Dear Empire State Building,
I started reading Maya’s Rockstar Ronan blog about 2 years ago when my son was a year old. I instantly felt connected to her. Probably because as a relatively new mother at the time, I could relate to the fierce love she felt for her children, including the little boy that she lost in such a horrific way. Perhaps I felt an even stronger connection with her because I share the same birthday as her beautiful boy Ronan. I don’t really know the reason, but I do know that every time I read her blog I found myself crying – and, I am not a crier. My husband would watch me in shock and ask me to stop reading the blog since it made me so upset. And I would respond that I can’t. Because, at the end of the day, even if you close your eyes, pediatric cancer does not go away. And one day it may impact you directly and change your life forever. And the idea that you can wake up one day and take your child to the doctor and find out that they have some form of cancer – rare or not — is the most terrifying thing in the world.
For me, the hardest thing about being a parent is the fear that one day something bad will happen to the little person that I love more than anything else in this world. I like to think that I can protect my son from all the bad things in this world, but the truth of the matter is that no matter how hard I try, there are some things I cannot protect him from. Like cancer. Knowing the truth of that paralyzes me with fear sometimes and makes me feel helpless. I’ve come to realize, however, that doing nothing will not change that reality. Perhaps if we all did something about it, we could change the grim statistics so that a diagnosis of pediatric cancer wouldn’t be so terrifying anymore. We can all make a difference. We can help to raise awareness. We can donate our money and time to the right organizations. We can lend support to those who need it.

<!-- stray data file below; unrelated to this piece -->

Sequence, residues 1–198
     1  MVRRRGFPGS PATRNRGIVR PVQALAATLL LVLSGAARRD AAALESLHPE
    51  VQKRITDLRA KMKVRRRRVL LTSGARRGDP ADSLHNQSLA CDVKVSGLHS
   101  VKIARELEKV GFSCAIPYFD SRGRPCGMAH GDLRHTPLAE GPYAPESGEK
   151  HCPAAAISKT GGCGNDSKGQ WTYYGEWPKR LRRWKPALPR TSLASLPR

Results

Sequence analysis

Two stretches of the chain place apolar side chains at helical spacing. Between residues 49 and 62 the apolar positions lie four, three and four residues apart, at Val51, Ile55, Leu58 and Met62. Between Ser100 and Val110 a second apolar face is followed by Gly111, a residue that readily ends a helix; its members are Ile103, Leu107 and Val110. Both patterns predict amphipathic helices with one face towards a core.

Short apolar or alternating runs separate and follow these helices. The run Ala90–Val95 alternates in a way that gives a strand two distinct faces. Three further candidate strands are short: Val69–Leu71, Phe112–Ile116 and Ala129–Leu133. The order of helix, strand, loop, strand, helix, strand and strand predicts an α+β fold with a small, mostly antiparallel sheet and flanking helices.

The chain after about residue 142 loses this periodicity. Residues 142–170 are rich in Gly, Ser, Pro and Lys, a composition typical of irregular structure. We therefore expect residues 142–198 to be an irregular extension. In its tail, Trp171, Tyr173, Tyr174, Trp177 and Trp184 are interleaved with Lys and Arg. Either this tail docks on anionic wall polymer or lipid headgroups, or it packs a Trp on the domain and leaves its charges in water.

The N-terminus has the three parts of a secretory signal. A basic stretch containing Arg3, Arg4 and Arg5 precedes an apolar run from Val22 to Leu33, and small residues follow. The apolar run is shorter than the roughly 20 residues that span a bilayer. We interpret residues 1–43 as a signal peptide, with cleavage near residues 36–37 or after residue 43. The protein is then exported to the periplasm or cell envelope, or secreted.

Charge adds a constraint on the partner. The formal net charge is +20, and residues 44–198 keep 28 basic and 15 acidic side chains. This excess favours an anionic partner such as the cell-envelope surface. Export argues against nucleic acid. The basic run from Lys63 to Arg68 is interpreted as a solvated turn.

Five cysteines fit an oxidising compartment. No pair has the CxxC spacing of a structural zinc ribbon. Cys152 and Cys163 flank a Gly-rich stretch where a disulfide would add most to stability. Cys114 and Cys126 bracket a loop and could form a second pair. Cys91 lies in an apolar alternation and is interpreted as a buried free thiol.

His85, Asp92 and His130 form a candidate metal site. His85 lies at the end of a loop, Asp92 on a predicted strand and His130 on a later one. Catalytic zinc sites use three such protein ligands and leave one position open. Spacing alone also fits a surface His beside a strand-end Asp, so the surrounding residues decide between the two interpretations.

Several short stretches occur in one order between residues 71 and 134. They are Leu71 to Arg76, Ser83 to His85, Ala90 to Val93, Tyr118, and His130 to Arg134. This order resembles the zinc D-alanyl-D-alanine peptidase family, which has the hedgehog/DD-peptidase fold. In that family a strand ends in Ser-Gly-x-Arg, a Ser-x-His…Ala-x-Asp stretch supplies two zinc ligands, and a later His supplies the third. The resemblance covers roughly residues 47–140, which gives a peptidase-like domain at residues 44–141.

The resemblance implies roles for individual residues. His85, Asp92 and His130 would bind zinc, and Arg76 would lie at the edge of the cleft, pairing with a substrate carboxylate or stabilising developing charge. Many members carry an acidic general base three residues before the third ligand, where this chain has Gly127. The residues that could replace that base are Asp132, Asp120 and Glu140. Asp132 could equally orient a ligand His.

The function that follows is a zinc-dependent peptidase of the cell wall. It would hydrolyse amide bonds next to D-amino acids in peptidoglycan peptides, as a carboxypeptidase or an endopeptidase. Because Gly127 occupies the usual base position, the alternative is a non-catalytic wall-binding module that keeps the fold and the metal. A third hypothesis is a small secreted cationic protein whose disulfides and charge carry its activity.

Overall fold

And, Empire State Building, you can do what you do best. Light up Gold for one night in September. There is no reason not to. New York City is home to one of the best cancer hospitals in the world. That hospital, Memorial Sloane Kettering has saved the lives of countless children battling pediatric cancer. It has also sent many children (like Ronan) home to die or has seen them die within its walls. Honor those children. Honor their fight. Bring awareness to pediatric cancer. Awareness eventually leads to more funding and more funding will lead to a cure. Our children deserve a cure. Help give them one.